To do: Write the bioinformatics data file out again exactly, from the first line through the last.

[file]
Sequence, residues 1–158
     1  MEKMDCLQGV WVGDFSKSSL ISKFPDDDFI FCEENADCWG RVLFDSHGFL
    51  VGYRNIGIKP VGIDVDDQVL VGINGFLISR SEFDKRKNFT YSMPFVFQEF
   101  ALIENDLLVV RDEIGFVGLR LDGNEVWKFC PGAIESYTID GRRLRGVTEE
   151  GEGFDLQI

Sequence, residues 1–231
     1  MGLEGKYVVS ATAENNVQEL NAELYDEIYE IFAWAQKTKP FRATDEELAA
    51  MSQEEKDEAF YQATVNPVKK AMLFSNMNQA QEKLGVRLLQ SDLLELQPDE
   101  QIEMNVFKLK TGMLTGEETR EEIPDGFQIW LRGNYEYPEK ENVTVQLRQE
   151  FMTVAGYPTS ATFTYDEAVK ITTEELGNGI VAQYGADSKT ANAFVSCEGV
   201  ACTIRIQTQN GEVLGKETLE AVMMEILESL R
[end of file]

Sequence, residues 1–158
     1  MEKMDCLQGV WVGDFSKSSL ISKFPDDDFI FCEENADCWG RVLFDSHGFL
    51  VGYRNIGIKP VGIDVDDQVL VGINGFLISR SEFDKRKNFT YSMPFVFQEF
   101  ALIENDLLVV RDEIGFVGLR LDGNEVWKFC PGAIESYTID GRRLRGVTEE
   151  GEGFDLQI

Sequence, residues 1–231
     1  MGLEGKYVVS ATAENNVQEL NAELYDEIYE IFAWAQKTKP FRATDEELAA
    51  MSQEEKDEAF YQATVNPVKK AMLFSNMNQA QEKLGVRLLQ SDLLELQPDE
   101  QIEMNVFKLK TGMLTGEETR EEIPDGFQIW LRGNYEYPEK ENVTVQLRQE
   151  FMTVAGYPTS ATFTYDEAVK ITTEELGNGI VAQYGADSKT ANAFVSCEGV
   201  ACTIRIQTQN GEVLGKETLE AVMMEILESL R